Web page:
The National Assembly will adopt a long-awaited law against domestic violence as early as next year, officials at the Council of Ministers and Ministry of Women’s Affairs said Wednesday.
“We hope and need [a domestic violence law] to be adopted in 2005 because it is a priority project to protect our social security and public order,” said Suong Leang Hay, deputy director of the Council of Minister’s project management unit on legal and judicial reform. Prime Minister Hun Sen recently ordered Cabinet Minister Sok An to take action to ensure a law is adopted in the current term of government, he added.
Parliamentarians failed to approve a domestic violence draft law during the previous mandate because they were too busy campaigning for the July 2003 national election, said Ung Kunthaphavy, Minister of Women’s and Veterans‘ Affairs. Cultural resistance was also a factor, she added.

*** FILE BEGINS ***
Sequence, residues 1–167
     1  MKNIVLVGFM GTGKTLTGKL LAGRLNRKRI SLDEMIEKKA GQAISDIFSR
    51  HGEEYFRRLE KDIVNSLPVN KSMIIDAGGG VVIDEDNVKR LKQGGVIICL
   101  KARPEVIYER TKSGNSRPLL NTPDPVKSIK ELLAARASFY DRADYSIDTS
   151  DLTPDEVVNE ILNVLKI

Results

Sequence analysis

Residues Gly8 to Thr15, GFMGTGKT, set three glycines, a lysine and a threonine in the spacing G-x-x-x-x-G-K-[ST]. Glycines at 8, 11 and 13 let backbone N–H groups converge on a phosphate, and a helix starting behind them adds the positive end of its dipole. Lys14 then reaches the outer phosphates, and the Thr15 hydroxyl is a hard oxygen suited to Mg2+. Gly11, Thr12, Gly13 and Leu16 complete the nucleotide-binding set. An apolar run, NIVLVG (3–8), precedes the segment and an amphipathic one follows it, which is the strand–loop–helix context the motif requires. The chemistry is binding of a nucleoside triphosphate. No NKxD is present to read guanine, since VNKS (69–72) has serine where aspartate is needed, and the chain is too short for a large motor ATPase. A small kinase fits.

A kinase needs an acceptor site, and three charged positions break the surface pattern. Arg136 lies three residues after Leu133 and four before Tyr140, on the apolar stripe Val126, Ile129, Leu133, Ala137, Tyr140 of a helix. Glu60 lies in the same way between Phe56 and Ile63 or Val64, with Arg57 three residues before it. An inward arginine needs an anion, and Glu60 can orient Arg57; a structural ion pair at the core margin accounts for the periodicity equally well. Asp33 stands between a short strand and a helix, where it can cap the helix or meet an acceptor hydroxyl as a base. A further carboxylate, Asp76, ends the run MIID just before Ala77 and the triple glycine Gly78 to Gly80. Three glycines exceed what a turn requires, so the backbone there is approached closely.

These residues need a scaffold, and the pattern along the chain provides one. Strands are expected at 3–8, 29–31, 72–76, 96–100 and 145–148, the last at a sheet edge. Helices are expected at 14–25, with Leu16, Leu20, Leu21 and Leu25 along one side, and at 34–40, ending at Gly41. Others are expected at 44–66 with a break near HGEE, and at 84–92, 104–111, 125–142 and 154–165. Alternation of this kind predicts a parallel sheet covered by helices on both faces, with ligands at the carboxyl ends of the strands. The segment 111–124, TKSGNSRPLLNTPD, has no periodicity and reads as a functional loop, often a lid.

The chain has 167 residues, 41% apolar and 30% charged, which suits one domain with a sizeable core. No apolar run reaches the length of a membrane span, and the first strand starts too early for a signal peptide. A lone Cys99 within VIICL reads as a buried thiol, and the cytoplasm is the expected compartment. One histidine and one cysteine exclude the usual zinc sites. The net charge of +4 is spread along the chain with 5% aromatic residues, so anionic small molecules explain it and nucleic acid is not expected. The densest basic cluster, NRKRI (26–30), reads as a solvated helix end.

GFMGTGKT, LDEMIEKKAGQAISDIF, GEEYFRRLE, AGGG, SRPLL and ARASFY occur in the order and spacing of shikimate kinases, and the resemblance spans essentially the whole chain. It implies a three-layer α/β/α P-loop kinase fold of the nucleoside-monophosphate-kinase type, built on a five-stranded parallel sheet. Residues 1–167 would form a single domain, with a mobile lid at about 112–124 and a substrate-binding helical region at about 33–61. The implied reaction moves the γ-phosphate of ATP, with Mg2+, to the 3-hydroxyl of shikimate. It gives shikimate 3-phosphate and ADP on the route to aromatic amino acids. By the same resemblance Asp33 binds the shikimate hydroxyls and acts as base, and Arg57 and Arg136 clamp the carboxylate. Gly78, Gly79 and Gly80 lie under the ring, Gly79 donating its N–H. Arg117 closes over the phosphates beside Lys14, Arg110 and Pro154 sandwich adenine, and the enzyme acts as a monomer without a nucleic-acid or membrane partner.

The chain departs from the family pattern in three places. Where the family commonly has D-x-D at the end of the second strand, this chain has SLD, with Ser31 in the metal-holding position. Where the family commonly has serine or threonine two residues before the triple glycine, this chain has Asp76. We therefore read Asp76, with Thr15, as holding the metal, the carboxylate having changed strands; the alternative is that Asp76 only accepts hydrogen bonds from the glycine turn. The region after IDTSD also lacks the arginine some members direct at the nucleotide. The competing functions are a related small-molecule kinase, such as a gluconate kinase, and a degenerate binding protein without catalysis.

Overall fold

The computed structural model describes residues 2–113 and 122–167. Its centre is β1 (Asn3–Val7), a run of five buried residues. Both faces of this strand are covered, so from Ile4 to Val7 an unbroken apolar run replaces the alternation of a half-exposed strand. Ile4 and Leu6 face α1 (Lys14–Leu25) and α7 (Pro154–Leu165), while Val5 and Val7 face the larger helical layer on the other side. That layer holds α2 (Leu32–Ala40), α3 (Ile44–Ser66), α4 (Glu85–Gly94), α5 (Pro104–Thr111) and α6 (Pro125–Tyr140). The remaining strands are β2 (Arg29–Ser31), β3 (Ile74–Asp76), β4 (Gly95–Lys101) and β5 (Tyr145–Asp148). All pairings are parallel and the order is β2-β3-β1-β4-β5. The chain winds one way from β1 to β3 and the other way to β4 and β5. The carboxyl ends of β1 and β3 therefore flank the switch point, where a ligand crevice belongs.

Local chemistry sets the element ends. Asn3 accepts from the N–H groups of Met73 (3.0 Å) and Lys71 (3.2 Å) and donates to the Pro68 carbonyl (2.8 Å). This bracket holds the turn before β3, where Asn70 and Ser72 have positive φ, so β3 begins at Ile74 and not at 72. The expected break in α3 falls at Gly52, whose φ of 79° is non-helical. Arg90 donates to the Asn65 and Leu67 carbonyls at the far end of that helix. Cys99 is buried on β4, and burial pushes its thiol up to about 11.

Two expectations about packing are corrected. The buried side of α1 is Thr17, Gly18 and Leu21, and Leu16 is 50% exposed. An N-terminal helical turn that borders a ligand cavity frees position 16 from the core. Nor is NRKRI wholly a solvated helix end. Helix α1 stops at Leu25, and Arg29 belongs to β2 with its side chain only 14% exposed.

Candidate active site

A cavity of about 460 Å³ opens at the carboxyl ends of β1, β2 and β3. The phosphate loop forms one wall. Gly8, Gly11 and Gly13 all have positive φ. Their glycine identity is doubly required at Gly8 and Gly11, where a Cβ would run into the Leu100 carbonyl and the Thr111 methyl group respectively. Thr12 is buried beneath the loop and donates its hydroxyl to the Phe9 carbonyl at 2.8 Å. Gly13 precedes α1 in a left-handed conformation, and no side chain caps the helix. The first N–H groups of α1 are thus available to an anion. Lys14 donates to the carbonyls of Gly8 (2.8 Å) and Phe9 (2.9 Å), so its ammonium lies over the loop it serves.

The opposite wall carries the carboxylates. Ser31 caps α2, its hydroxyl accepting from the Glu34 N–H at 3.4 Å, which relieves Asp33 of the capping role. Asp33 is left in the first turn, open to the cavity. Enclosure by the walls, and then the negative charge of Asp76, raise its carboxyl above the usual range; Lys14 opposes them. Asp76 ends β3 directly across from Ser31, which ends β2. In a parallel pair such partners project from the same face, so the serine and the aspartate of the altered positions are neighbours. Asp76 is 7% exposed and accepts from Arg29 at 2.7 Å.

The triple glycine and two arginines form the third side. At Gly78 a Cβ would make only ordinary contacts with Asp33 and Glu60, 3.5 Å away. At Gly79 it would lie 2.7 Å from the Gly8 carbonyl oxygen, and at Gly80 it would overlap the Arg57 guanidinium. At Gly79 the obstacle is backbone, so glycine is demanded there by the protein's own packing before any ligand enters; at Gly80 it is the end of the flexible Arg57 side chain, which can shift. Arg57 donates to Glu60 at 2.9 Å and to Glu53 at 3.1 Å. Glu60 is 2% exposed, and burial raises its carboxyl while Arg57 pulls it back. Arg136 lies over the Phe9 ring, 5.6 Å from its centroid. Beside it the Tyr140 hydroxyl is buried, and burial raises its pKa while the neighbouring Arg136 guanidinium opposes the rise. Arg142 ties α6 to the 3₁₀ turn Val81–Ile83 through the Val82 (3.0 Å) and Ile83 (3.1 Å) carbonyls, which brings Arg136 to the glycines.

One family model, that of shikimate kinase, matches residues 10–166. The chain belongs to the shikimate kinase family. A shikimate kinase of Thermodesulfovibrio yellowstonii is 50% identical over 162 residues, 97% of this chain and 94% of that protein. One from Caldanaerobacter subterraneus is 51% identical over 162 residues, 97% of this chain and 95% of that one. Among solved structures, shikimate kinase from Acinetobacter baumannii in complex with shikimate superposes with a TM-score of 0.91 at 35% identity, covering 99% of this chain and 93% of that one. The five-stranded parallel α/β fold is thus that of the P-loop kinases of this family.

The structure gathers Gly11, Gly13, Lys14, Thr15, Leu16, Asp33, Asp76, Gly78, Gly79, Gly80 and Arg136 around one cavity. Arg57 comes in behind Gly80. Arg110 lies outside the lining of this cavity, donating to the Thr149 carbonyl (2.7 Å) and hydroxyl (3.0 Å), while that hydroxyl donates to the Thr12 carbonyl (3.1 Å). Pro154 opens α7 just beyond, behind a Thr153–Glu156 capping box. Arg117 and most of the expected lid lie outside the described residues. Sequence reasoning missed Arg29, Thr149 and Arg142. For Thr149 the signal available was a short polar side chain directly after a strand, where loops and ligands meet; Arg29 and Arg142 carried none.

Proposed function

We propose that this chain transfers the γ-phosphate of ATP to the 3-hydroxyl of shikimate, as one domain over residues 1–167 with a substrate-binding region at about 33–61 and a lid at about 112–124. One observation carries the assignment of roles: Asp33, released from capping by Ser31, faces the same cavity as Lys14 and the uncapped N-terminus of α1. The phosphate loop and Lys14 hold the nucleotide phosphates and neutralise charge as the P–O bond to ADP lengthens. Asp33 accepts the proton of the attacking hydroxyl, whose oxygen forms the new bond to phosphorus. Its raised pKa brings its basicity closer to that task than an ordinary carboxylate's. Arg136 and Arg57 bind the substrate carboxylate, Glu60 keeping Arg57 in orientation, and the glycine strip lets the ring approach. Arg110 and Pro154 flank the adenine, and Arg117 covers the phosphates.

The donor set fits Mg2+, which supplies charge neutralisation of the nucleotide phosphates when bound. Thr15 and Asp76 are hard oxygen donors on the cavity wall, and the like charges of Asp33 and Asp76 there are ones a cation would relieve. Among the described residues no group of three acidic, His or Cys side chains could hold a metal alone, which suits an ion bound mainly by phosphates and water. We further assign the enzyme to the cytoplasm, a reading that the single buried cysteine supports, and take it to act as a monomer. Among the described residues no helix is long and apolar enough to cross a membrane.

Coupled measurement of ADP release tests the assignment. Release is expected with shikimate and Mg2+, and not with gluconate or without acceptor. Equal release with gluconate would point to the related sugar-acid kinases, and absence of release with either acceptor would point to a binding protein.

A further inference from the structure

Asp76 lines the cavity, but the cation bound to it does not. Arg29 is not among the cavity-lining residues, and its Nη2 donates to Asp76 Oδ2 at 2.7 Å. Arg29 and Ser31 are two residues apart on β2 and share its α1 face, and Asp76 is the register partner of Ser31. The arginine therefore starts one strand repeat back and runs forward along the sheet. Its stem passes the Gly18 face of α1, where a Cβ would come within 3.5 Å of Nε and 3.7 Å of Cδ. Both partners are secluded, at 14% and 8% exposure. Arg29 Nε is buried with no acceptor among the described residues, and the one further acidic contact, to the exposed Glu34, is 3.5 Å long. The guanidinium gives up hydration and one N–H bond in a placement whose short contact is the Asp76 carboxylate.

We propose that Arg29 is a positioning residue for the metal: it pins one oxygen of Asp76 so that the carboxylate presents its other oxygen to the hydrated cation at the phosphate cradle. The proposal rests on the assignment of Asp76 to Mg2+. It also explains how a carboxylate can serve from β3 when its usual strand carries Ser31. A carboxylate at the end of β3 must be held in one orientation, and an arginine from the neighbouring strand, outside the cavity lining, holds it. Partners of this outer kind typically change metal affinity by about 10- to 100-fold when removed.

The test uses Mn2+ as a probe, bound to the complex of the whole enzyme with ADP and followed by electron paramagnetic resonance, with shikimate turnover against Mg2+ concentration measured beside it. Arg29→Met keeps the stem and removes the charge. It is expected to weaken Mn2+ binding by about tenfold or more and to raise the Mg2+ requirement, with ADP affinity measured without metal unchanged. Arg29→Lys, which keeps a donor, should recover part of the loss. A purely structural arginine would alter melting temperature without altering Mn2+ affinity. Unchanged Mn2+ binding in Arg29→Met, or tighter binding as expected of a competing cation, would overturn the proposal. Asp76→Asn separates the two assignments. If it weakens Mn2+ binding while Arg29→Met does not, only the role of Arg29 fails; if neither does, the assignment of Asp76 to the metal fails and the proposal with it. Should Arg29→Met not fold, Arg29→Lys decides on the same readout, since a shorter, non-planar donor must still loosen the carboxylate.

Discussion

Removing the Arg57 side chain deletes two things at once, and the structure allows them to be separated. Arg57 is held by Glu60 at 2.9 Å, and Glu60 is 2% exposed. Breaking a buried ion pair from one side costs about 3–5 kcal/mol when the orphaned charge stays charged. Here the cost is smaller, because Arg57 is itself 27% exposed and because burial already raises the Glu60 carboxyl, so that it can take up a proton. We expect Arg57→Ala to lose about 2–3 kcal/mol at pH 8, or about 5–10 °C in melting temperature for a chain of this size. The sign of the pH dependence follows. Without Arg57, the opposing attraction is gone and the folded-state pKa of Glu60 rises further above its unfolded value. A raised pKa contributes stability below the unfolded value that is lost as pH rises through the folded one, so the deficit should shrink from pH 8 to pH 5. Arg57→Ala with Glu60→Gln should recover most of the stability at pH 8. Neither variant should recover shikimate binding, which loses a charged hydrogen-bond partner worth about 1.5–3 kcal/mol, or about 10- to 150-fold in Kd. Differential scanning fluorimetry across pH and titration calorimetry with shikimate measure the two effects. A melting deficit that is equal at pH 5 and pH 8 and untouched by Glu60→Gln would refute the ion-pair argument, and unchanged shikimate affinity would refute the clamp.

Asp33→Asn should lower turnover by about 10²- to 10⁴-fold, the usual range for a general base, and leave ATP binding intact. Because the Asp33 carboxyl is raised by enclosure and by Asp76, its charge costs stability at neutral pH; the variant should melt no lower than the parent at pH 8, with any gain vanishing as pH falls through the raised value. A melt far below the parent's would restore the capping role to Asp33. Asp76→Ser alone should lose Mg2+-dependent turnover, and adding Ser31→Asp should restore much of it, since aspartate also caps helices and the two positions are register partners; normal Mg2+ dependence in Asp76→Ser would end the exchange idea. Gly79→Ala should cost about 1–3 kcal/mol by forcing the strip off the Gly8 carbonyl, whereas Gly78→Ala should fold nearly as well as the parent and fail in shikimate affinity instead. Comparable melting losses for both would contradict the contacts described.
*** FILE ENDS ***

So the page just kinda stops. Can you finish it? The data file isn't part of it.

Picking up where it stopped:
“Some parliamentarians disagreed with the creation of domestic violence law, saying ‘we are making revolution against Cambodian culture and customs,’ because some of them are not aware of the matters of violence,” she said.
The draft law will return to the Council of Ministers at the end of this year for the Cabinet’s approval with possible revisions, some proposed by local NGOs, to improve it, said Sam Monnika, Women’s Affairs Ministry’s technical affairs department director general.
The draft law addresses both men and women in couples, but could also include other cohabitants, enabling victimized house mates to file suit, she said. The law may also give commune chiefs the power to issue warrants, making it easier for those in remote areas to file complaints.
“Some provinces have no court and some have only one court, therefore it would take too long for victims to get warrants because of the need to travel long distances,” said Ly Sunlina, women’s rights coordinator for the rights group Licadho.
Victims sometimes flee their attackers and return to find their property sold. Ly Sunlina said that by giving commune chiefs more power, the victim’s property rights may be protected.
Another potential revision, suggested by Assembly officials, emphasizes education, reconciliation and mediation before punishment, Ung Kunthaphavy said.